Perfect Sound Forever

Robert Quine

Carclucci at Quine memorial, Carmine Street Guitars, NYC June 2004

by Michael Carlucci (Subterranean Records)

ED NOTE: Other than running one of the most righteous record stores in New York, Michael Carlucci was also a close friend of Robert Quine.

The Story of the Velvet Underground Bootleg Series Volume 1: The Quine Tapes

Quine and I became friends sometime around 1991/92 when I first opened Subterranean Records. Robert and I had 3 things in common: Telecasters, Jeff Beck and The Velvet Underground. While the recordings Quine made of the VU were common knowledge among VU collectors, I for some reason never bothered him about them. Most VU fans would offer him money, trades, their first born, etc. etc. Quine politely told them all no. Then around the summer of 2000, I'd heard that Moe Tucker with Lou Reed's (approval) had approached Bill Levinson (Polygram then/Universal now) with the idea of releasing VU shows as "The Bootleg Series." The tapes started pouring in, 99% of which had already been in circulation as actual bootlegs with everyone claiming they had the original masters. So now was the time to approach Quine.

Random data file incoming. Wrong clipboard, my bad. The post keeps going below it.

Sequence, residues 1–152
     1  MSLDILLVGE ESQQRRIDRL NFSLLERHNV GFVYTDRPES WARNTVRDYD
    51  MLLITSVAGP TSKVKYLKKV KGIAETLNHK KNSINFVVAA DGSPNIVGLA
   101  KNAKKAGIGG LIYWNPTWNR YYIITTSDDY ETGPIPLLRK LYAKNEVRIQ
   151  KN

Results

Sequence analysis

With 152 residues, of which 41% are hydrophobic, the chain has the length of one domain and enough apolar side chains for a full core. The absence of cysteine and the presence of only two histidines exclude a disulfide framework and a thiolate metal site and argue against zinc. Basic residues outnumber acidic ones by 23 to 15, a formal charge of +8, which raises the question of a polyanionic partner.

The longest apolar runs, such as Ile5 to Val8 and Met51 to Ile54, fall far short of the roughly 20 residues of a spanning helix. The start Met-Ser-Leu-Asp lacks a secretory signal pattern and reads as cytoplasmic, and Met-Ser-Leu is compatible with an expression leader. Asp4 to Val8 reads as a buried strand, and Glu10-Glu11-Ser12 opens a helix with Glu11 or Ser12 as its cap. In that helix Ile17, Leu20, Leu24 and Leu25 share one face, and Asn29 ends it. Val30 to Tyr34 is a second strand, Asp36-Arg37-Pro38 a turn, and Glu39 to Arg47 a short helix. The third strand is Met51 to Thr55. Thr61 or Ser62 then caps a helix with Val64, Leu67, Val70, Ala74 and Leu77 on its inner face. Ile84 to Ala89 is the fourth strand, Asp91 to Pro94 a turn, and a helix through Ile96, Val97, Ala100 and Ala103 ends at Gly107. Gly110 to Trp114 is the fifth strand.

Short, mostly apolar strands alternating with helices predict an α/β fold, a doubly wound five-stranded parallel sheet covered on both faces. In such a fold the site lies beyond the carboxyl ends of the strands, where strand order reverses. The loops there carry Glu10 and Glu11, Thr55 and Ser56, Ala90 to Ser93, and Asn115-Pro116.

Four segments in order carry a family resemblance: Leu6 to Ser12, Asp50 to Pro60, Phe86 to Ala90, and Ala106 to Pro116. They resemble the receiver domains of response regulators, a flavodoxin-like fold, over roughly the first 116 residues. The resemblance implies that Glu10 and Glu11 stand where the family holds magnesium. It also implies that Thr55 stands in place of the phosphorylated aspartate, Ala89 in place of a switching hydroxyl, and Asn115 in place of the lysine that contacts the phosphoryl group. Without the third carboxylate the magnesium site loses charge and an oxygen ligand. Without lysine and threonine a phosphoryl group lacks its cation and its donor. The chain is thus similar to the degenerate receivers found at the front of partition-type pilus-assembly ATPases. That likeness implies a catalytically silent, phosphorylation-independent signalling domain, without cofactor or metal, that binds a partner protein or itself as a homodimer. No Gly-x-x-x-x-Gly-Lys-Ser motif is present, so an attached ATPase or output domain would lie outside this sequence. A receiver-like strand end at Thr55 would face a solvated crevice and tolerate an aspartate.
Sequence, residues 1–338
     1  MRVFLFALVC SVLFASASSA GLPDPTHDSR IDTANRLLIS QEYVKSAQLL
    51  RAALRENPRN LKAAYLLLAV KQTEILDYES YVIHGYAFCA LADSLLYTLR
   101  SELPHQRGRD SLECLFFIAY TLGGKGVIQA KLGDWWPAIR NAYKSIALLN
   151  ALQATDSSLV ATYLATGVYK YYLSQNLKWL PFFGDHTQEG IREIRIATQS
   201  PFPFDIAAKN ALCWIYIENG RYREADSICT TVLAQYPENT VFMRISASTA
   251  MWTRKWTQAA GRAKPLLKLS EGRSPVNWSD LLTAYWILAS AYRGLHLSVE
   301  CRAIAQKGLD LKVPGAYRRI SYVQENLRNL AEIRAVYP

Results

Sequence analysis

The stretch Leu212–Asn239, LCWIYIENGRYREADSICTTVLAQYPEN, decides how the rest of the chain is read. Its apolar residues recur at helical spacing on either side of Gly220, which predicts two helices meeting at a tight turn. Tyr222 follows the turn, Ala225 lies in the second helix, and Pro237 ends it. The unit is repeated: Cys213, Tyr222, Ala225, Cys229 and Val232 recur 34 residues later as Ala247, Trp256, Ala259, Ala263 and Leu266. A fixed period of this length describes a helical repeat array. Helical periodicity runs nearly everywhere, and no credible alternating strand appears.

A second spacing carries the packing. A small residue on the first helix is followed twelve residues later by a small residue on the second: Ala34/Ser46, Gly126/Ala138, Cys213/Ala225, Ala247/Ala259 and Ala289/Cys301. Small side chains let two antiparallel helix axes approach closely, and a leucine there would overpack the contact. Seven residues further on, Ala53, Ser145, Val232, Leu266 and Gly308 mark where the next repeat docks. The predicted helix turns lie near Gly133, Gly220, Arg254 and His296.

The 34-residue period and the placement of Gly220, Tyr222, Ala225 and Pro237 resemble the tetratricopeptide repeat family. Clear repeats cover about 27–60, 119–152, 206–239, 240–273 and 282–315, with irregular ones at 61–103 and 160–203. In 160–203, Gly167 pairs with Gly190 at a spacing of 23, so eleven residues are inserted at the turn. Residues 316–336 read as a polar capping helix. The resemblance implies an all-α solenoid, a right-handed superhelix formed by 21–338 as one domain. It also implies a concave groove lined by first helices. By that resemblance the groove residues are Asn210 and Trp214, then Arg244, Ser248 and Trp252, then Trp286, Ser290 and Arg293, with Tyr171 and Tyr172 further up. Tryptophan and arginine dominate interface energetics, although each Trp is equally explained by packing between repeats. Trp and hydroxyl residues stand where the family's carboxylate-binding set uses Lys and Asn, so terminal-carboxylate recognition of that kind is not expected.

I mentioned (to Quine) what I knew about Polygram's plan. His time had finally come. He told me to make the necessary arrangements, which I did. I called Bill Levinson, told him all about these tapes. He asked to hear them. So Quine made a 15 minute demos with 60 seconds of some of the choicest material. From there, it was 'let's all meet.'

So Quine, Levinson and myself met for lunch to discuss the plans. Quine was overly concerned about Lou's reaction. He was sure that once Quine's name was mentioned Lou would say no way. On the contrary Lou, to Quine's surprise, didn't even have to hear the material, he told Levinson: "if Quine says they're the best versions of the songs then I'm sure they are, I trust his ears." Quine was elated. So we were ready to roll.